Bilateral relations between Germany and Kenya have a long history. When Kenya achieved independence in 1963, Germany was the first country to grant diplomatic recognition to the young state. To this very day, Germany and Kenya enjoy close political, economic and cultural relations – as Foreign Minister Frank-Walter Steinmeier stressed following his talks with his Kenyan counterpart Amina Mohamed.
Steinmeier singled out Kenya’s economic progress as a particular anchor of stability: European and German companies often conducted their entire East African operations from headquarters in Kenya. He announced that a business delegation led by former German President Horst Köhler was expected to travel to Kenya later this year, enticing yet more German businesses to the region. Foreign Secretary Mohamed affirmed that Kenya wanted to attract more German companies and investors. She also expressed the hope that German support and partnership would be forthcoming with respect to the development of her country and the region.
Foreign Minister Steinmeier sees Kenya as proof that one should not only think of crises and conflicts when Africa is mentioned:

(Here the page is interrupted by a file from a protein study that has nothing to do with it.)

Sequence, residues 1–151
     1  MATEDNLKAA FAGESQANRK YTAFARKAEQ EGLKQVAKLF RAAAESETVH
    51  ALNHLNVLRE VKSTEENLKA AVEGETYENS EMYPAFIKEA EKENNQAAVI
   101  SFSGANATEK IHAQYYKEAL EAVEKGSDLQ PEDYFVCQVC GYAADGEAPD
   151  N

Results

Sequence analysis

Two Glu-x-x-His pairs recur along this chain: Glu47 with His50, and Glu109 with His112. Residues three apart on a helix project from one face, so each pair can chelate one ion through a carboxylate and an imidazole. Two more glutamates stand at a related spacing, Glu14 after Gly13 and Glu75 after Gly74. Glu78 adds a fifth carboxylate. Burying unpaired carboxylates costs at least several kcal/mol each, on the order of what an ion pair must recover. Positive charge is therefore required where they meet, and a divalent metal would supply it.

Kenya is a good illustration of the fact that Africa is changing quicker than European perceptions of the continent. We still view Africa as a continent plagued by crises and conflicts. And although it does have plenty of those, that’s not the whole picture. If we were to look at a large swathe of East Africa, for example, we could not overlook the emergence of anchors of stability such as Kenya, anchors we need to deal with the trouble spots.
Other issues: Somalia and South Sudan
He noted that Kenya was, for example, trying to use its influence in Somalia in order to foster stability in the country. Developments in South Sudan were also discussed by the two foreign policy heads. Steinmeier and Mohamed both expressed their hope that the agreements reached in Addis Ababa would bring lasting peace to the still young country. Mohamed said that the biggest challenge in this context was the tense humanitarian situation: it was vital to create humanitarian corridors to enable refugees and internally displaced persons to return home as quickly as possible.
The German Foreign Minister concluded by repeating that, given the continent’s diffuse image, the German Government, too, needed to readjust its focus on today’s Africa. A first step is to be taken the week after next, when officials from various ministries will gather in the Federal Foreign Office to discuss diverse facets of modern Africa – including current trouble spots but also anchors of regional stability such as Kenya.